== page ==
Sunday, September 17, 2017

Making Books has made me a Better Photographer

It occurred to me yesterday, as I was obsessively ruminating about books and photobooks and so on, that making books has made me a better photographer. Obviously not in any technical sense, I still struggle with the vagaries of AIS lenses on an ancient consumer body (you have to set it OFF manual mode to focus, and back ON manual mode to shoot, and I am constantly getting lost on the dial and can't find M without looking).

It probably hasn't made my better at composition, although perhaps a little. More focused, certainly.

What it has done, obviously, is that it has caused me to shoot far fewer pointless pictures.

Contrary to conventional wisdom, at least as expressed by Colberg (but he is not alone) I do not start with a finished photographic project, and then do a book. Instead, I have ideas for projects floating around my head: A typology of alleys, Found texts, Bellingham Summer, and so on. I also have vague notions of design and structure floating around: Big, Small, Dos-à-dos binding, french door binding, A stapled zine, A magazine, etc.

These things bounce around my head. Sometimes I shoot a few pictures, sometimes I experiment with some paper, thread, and glue. Every now and then a design/structure idea collides with a photo project idea, and I begin something in earnest. You've seen a little of the Bellingham Summer project, which was just a gibberish handful of pictures until the design ideas started to arrive. The medium is probably an 8x10 blurb trade paperback.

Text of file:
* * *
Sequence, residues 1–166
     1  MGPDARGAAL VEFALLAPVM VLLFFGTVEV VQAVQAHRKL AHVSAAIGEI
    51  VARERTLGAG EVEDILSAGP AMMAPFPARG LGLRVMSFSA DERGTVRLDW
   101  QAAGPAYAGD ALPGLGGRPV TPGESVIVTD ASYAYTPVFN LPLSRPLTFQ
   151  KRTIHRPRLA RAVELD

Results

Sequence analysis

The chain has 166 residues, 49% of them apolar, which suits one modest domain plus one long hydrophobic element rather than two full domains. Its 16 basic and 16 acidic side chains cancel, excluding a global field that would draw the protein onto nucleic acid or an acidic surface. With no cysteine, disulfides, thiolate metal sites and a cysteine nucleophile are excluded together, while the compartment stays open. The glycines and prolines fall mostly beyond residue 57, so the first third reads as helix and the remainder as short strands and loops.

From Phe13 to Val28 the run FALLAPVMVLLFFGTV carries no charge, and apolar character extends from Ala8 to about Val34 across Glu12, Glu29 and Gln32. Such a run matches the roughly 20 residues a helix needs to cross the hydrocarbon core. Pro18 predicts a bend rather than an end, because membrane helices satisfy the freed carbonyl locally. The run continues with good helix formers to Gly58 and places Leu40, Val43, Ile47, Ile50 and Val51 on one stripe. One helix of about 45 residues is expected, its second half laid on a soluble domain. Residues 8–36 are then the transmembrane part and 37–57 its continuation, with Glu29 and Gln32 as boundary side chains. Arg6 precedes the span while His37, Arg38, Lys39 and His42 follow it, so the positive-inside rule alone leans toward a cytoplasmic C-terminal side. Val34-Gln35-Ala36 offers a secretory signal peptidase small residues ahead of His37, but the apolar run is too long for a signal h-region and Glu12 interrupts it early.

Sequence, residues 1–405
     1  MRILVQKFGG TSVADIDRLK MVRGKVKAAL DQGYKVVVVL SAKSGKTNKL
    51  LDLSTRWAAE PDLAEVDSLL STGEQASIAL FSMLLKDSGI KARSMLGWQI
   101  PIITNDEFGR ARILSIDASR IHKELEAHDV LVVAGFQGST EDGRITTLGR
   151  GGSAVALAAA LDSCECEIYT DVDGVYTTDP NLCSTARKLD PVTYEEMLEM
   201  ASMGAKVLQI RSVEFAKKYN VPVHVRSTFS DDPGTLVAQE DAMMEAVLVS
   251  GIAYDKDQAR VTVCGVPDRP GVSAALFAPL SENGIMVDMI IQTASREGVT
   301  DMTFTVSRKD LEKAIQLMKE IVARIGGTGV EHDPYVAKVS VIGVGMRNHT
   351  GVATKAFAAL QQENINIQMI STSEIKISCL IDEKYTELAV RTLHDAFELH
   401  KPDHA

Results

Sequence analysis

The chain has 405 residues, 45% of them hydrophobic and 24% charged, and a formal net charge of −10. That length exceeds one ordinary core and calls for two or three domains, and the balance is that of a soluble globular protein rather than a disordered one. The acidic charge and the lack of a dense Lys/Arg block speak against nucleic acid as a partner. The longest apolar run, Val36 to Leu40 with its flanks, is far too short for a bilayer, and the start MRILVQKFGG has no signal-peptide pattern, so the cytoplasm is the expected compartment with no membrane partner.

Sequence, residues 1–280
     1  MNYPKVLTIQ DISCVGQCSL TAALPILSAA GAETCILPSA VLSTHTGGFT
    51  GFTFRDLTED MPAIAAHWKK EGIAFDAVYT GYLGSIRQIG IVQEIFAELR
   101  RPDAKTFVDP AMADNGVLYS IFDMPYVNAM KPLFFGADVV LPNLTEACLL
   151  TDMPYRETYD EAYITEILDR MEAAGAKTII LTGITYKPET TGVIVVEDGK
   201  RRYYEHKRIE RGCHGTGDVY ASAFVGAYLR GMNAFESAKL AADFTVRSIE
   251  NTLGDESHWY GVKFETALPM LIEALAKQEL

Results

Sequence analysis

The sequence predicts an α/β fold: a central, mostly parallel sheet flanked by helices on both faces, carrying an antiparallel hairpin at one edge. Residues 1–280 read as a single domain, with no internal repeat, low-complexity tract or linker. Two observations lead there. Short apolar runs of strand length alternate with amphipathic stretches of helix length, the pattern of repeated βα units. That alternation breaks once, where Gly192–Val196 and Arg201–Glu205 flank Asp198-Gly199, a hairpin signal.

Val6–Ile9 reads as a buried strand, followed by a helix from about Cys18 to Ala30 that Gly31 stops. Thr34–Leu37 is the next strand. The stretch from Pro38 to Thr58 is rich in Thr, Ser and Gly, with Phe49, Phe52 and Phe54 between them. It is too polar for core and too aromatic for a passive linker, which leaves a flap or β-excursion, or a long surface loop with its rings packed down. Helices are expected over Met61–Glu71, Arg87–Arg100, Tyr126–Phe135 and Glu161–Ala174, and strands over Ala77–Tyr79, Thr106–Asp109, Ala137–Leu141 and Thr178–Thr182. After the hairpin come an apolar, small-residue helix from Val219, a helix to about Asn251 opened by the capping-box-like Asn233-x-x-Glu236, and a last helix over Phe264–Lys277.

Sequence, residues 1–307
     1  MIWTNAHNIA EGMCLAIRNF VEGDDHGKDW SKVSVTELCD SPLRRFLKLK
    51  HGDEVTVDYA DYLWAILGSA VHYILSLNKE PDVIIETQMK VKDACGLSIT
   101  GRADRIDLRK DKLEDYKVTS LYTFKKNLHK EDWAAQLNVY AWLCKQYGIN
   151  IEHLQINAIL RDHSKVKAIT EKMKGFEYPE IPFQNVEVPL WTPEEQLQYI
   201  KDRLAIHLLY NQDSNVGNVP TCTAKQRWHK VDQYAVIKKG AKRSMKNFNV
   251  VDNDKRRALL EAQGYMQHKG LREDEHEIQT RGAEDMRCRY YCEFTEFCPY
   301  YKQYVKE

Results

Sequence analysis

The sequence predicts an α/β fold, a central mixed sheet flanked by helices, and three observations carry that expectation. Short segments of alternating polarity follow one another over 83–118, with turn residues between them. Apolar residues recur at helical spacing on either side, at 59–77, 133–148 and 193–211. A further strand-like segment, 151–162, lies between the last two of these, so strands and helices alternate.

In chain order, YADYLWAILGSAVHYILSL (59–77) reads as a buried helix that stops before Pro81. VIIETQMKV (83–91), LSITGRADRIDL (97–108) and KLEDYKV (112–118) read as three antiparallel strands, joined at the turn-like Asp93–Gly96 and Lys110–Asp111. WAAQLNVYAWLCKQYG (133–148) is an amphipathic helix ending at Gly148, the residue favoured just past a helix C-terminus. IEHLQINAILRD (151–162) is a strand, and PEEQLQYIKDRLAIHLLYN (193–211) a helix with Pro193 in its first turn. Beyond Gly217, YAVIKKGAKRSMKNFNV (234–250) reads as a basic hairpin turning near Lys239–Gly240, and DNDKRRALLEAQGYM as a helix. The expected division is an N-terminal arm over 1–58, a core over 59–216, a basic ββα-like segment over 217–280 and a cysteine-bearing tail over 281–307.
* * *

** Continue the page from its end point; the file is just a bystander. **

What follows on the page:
With a mental sketch of the completed book in mind, the pictures begin to almost shoot themselves. Everything from preferred framing to specific themes is clarified. Actual pictures, of course, influence the structure of the book, and the whole thing organically distills itself into the right thing. Ideally. Not always.

What this process seems to do is to eliminate the horrible "open brief" problem that we amateurs are cursed with. We can shoot literally anything, and the more constraints we can get hold of, the better we're going to be most likely. The book, having far more structure than a gallery show (real or virtual), grants me far more constraints. I can shoot with real purpose, I can look for specific shots, specific subjects treated in specific ways. I still throw a lot away, but my hit rate goes up like crazy toward the end of a project as I nail down the last couple of things I need or want.


  1. Hey Andrew, in case you have not seen it, there is, what I think, a great post on Kirk's blog:

  2. I back into this shooting frame of mind. I shoot commercially and for that I am always focused on the subject matter at hand, but I also work on personal projects and carry a camera with me most of the time. I shoot whatever looks interesting to me. However, I do use a review process which gets me to that book state of mind you describe. Upon review, I find certain themes draw my attention which I then begin to further develope. (I just realized this is full of unintentional puns!) And I do, then, think of putting a book together. And I have two books that I am working on right now and I absolutely agree that this hones your vision and the work gets better.